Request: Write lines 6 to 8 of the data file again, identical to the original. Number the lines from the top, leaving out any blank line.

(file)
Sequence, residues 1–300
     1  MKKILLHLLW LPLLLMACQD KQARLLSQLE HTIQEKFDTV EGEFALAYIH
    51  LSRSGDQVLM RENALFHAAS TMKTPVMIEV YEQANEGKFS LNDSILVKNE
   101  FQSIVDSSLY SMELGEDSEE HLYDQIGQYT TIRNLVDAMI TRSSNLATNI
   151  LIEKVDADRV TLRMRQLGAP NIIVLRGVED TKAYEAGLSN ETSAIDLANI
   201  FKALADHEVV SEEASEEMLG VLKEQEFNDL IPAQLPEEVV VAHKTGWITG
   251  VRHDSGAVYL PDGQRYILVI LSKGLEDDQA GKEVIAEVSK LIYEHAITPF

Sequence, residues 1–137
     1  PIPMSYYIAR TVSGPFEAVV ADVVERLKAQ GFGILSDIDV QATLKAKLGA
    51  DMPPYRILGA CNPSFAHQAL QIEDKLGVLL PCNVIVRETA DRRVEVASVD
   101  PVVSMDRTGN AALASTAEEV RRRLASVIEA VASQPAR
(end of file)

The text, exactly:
   201  FKALADHEVV SEEASEEMLG VLKEQEFNDL IPAQLPEEVV VAHKTGWITG
   251  VRHDSGAVYL PDGQRYILVI LSKGLEDDQA GKEVIAEVSK LIYEHAITPF

Sequence, residues 1–137